This risk management strategy is often adopted by investors and traders alike.
While diversification is about spreading risk across various instruments, hedging is about taking specific measures to protect your investment. Some assets have an inverse relationship to others, meaning that they could be used as safeguards for scenarios in which the main investment goes down in value.
Many traders focus on one asset class, such as currencies. When it comes to the currency market, trades are often hedged by opening positions on gold or other precious metals, as they often have an inverse relationship to fiat currencies.
77% of retail CFD accounts lose money.
Stop-Loss and Take Profit
These orders are the bread and butter of responsible traders, as they can protect from loss and lock in profit. As the name suggests, a Stop-Loss order closes a trade once a certain loss is reached. Take Profit does the same when a certain profit point is reached.
Since many traders rely on technical analysis, they often have a range in mind within which they believe a certain asset will move. Therefore, they can place Stop- Loss and Take Profit orders at either end of this range to control the risk involved. They will know both their maximum loss and their potential maximum gain.
Traders look for big price swings to take advantage of and often use leverage. This may tempt them to allocate a large chunk of their funds to a potential trade, which also puts them at risk of losing a lot of money. Therefore, some traders religiously follow self-imposed rules.
A prominent example is “The 1% Rule,” according to which a trader will never allocate more than 1% of their equity for a single trade.
Although risk tolerances vary, it is advisable to risk no more than 2% of your account per trade and, when investing, no more than 5% of your account on an investment.
Manage your risks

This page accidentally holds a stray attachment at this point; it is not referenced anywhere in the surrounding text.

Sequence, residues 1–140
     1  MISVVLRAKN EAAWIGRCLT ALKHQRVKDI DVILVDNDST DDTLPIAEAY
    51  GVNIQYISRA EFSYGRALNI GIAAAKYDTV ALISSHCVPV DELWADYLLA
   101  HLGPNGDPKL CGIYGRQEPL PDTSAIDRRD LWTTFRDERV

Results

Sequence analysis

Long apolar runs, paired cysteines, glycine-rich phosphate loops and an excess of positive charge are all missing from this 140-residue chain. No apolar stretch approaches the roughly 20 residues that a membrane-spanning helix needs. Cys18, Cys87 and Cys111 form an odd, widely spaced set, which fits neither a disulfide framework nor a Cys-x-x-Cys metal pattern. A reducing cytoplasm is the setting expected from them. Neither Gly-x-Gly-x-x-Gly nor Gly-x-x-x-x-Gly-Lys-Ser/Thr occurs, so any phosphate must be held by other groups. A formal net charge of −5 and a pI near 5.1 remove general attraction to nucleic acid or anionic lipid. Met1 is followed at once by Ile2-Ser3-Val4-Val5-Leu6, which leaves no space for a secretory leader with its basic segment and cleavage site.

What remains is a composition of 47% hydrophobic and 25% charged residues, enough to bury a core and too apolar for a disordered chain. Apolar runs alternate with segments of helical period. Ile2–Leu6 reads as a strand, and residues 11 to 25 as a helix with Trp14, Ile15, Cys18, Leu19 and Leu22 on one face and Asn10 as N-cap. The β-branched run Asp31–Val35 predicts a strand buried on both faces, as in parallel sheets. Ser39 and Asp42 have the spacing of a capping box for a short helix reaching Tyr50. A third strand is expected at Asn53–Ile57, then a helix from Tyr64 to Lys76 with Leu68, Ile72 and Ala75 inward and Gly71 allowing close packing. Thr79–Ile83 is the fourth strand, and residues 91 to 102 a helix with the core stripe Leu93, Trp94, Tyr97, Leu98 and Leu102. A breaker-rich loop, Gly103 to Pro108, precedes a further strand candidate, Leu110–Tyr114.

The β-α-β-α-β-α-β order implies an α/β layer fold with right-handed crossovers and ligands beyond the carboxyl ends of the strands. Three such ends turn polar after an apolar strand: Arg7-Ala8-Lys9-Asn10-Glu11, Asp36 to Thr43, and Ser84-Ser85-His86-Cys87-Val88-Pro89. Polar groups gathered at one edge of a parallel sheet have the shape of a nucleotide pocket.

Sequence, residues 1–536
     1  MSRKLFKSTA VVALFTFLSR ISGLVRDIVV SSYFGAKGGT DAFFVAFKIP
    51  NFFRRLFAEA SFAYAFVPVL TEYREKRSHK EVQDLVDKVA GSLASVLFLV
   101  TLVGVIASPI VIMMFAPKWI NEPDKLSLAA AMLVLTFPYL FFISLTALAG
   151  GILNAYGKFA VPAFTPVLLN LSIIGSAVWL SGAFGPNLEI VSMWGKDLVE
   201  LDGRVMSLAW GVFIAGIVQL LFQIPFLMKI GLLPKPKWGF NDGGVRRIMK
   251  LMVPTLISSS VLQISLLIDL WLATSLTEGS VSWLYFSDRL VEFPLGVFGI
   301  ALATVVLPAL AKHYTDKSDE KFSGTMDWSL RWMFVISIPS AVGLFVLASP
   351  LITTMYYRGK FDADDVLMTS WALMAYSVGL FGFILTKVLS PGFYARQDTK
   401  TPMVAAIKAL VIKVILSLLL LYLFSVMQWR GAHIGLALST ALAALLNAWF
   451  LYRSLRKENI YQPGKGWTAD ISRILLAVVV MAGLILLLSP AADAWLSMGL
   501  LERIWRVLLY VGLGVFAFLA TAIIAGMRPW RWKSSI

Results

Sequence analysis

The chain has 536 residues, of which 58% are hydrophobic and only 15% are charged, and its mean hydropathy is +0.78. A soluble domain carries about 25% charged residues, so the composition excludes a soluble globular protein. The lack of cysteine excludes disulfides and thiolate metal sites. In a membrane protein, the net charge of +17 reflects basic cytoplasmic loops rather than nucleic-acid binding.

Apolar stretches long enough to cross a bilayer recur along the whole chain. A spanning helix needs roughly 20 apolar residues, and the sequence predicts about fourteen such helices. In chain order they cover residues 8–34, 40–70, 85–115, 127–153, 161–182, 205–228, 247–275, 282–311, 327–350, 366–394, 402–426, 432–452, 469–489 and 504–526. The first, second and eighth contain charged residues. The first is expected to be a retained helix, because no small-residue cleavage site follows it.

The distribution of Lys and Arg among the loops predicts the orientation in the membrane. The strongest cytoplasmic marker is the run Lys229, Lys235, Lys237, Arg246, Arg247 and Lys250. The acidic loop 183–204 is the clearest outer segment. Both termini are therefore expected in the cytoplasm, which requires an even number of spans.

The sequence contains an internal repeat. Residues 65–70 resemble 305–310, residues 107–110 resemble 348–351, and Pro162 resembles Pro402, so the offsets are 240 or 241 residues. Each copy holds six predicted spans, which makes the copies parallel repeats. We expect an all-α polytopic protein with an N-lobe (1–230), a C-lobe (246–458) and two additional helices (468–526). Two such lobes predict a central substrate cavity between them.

It may be tempting to succumb to promises of get-rich-quick schemes or online platforms that offer instant profits. However, in reality, online trading and investing take time, practice, and of course — risk management.
Before making your next investment or trade, consider the information above. Maybe you are already employing some or all of the practices mentioned, and maybe you’re not. Either way, remember that you should always familiarise yourself with all of the risks involved with a certain transaction.
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- Why is risk management important?
Risk management is important as it allows you to gain an understanding of the risks involved in trading or investing and allows you to apply strategies that may assist in mitigating potential risks.
- Do you need a risk management strategy?
Yes, it is a good idea to use risk management strategies when investing and trading. Risk management is imperative to helping you build long-term success and can help you to identify and manage risks you may encounter.
- Which risk management strategies should you use?
As individual investors and traders have differing goals and risk tolerances, the right risk management strategy for your circumstances will vary. Consider the types of assets you are investing in, how much you can afford to lose, and the strategies you may already be employing or could potentially use moving forward.
This information is for educational purposes only and should not be taken as investment advice, personal recommendation, or an offer of, or solicitation to, buy or sell any financial instruments. This material has been prepared without regard to any particular investment objectives or financial situation and has not been prepared in accordance with the legal and regulatory requirements to promote independent research. Any references to past performance of a financial instrument, index or a packaged investment product are not, and should not be taken as a reliable indicator of future results. eToro makes no representation and assumes no liability as to the accuracy or completeness of the content of this guide. Make sure you understand the risks involved in trading before committing any capital. Never risk more than you are prepared to lose.